By having a plan that aligns all teams, their efforts complement each other and customers get a seamless experience across all touchpoints.

After all, there’s no point in getting new customers to sign up if they are wrong for your product and will churn after a short time.

Additionally, a plan helps you effectively deploy resources and enables you to be specific and targeted with your time and effort investments.

Features of a strong marketing strategy

A basic marketing plan typically outlines some information about your target audience and the channels you plan to use to reach them. By contrast, a strong marketing strategy builds on data that informs your expectations for your marketing efforts. It prioritizes three main areas: customer engagement, operational scalability, and market differentiation.

  • Customer engagement: It’s important to define how you engage customers. After all, consistently supporting customers in reaching their goals helps you build long-term relationships with them that increase retention rates and create more opportunities for upselling and cross-selling.
  • Scalability and sustainability: Considering how you’ll make your marketing sustainable and scalable enables you to grow without compromising on the quality of the customer experience.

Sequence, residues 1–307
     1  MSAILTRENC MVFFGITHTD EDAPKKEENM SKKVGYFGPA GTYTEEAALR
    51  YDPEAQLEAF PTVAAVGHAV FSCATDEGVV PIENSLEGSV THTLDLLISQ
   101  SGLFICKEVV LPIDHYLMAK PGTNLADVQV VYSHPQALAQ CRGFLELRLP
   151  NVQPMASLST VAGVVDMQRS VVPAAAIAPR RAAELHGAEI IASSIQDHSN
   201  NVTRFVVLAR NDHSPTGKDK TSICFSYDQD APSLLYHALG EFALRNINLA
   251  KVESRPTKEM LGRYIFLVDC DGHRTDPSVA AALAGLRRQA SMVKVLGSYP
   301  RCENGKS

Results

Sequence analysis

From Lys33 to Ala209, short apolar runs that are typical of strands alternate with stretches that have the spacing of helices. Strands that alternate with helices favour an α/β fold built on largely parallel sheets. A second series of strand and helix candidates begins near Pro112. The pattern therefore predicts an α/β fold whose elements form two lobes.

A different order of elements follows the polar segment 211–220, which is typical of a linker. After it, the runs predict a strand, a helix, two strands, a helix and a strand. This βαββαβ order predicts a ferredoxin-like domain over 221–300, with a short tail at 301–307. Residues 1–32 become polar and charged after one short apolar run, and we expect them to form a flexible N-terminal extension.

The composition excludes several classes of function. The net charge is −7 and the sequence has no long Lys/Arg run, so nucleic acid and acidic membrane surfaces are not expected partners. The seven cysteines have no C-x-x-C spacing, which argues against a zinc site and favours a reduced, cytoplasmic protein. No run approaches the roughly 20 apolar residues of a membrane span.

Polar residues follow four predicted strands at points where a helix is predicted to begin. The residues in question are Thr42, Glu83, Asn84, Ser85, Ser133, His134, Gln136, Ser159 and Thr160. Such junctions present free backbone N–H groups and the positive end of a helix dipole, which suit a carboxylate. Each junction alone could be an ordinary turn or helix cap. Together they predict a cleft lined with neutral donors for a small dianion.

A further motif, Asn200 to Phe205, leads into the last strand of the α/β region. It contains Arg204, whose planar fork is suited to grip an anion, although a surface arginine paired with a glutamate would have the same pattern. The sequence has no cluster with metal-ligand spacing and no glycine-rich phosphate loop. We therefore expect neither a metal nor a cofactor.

• Differentiation: Knowing what unique value you offer—why customers should choose you over competitors—means you can communicate that proposition to customers in your marketing, which helps you attract and retain customers.

Three ways to create your marketing strategy plan

Before you plot out the details of your marketing plan, it’s important to define and refine your strategic approach. That will help you attract, retain, and monetize customers effectively later on.

1. Identify the promises you make to your target market

The key to retaining customers is building long-term relationships with them. To do that, it’s crucial your product aligns with your customers’ goals and delivers consistent value. A successful marketing strategy centers around a clear understanding of that value.

For each persona who uses your product, define the promise it makes to them. Let’s consider Amplitude and a few types of Amplitude users—marketers, product teams, and data analysts or engineers.

The promise the Amplitude platform makes looks something like this:

  • Marketers: Gain easy, actionable insights into customer behavior and campaign performance and take action without needing deep technical expertise.
  • Product team: Get trusted insights about what drives customer engagement so you can build better products.